I’m not simplifying it when I say that if it wasn’t for the AGBU Scholarship Program that invested so much in me and my doctoral work, it wouldn’t have been possible for me to be working at the World Bank today.
Anna Kalashyan wants to reimagine a governance model for post-Soviet states where citizens have a voice. Growing up in Russia, she came to develop an interest in human rights thanks to her placement during the AGBU Yerevan Summer Internship Program and has been in the field ever since.
Now, she is finishing up her doctorate—for which she received an AGBU US Graduate Scholarship—works at the World Bank in Washington D.C. where she is on a team that promotes women’s economic empowerment by accelerating the spread of best practices for employee-sponsored childcare to make sure women can participate equally in the workforce.
In our conversation, Anna reflects on growing up Armenian in Russia, discusses her transformative summers with the Yerevan Summer Internship Program (YSIP) and New York Summer Internship Program (NYSIP) and explains her interest in promoting democracy and human rights.
What were some of the challenges growing up Armenian in Russia?
Russia has been a really welcoming home for Armenians. It’s a big community of two million people and one of the biggest Armenian diasporas in the world. Because culturally there aren’t that many differences between Russia and Armenia—as former Soviet republics—one of the critical aspects of growing up in an environment like that was understanding my distinct heritage. My first exposure to Armenian culture came through my dad who thought that finding yourself in this world means knowing and understanding the past. In Russia, you have to really search for your identity, because it’s so easy to become part of the multi-ethnic fabric of such a big country.
How did living in a post-Soviet society shape your interest in democracy and human rights?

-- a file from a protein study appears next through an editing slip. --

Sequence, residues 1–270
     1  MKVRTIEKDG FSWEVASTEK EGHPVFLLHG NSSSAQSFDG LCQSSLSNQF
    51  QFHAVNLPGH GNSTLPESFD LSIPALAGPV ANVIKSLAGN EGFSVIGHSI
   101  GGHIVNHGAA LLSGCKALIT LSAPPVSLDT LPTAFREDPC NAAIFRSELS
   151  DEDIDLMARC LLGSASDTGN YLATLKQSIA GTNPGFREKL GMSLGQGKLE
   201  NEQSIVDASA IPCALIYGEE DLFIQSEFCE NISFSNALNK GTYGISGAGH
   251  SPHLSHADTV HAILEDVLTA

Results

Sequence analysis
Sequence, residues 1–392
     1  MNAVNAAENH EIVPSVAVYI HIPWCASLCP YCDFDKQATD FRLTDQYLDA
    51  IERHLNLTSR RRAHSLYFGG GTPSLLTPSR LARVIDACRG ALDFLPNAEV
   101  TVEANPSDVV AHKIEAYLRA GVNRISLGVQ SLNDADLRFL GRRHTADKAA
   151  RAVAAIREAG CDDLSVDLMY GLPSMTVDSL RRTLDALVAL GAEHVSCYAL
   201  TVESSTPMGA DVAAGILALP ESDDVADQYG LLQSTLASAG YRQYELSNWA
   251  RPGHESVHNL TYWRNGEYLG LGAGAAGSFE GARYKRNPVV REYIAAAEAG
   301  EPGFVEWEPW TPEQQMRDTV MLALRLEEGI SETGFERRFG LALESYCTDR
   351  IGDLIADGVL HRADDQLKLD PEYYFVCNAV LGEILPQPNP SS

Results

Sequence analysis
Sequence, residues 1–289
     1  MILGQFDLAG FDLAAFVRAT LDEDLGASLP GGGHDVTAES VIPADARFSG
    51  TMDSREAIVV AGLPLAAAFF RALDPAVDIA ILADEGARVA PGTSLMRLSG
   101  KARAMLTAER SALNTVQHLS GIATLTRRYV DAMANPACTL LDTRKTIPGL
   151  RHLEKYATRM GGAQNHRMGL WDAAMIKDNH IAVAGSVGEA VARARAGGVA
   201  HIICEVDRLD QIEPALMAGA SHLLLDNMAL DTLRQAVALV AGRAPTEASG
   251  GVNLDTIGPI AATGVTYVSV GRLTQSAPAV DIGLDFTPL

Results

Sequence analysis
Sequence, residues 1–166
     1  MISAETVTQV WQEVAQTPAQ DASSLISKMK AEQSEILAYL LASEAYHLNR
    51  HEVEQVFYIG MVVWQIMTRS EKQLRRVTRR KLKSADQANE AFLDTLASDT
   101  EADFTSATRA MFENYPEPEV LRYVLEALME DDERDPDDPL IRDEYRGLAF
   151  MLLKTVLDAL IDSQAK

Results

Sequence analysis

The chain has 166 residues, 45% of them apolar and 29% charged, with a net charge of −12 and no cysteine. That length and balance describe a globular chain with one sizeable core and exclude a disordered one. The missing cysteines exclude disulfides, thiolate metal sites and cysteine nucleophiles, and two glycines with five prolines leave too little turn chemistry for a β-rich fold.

Everything I do and everything I’m passionate about was drawn from where I grew up. I grew up in a society where the space for civic activism is small, since the right to assembly, the right to association and the right to expression is limited by various legal provisions. This made me more aware of the direct consequence of illiberal forms of governance both on the social fabric and on the aspirations of ordinary people. Regarding the governance structure, I believe currently that there is no meaningful and systemic dialogue between civil society organizations and the authorities. The civil society does not have an opportunity to engage in an open discussion with political elites to build a consensus about national and regional policies. That takes a sense of public trust away from citizens. The last couple of years have seen a lot of legislative effort to limit space for civil society, which manifested in ways that no one predicted. A lot of organizations including UNICEF were forced to leave the country, because they were presenting a kind of alternative analysis. Seeing this made me passionate about learning more about equality, social justice theories, human rights and mechanisms that international organizations like the United Nations have developed to defend and promote fundamental rights. I would like to re-imagine a governance model for post-Soviet states where citizens have a voice and where civil society can translate the voice of the people into action and policy solutions.